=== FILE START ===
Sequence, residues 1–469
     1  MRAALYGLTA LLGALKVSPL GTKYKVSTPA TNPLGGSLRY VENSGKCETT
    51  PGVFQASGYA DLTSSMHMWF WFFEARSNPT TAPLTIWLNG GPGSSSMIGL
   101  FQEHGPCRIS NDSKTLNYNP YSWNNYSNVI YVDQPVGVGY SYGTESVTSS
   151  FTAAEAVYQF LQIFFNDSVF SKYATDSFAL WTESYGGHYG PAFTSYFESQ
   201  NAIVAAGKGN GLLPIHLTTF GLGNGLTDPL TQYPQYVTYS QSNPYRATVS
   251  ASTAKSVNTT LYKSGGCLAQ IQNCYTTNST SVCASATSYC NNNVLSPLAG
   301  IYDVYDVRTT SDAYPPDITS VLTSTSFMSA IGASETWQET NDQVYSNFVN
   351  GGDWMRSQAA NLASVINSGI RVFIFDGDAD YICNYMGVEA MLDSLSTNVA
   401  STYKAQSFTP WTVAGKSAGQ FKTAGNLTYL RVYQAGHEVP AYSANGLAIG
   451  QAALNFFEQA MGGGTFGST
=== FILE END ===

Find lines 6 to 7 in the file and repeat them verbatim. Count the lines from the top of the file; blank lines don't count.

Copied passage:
   201  NAIVAAGKGN GLLPIHLTTF GLGNGLTDPL TQYPQYVTYS QSNPYRATVS
   251  ASTAKSVNTT LYKSGGCLAQ IQNCYTTNST SVCASATSYC NNNVLSPLAG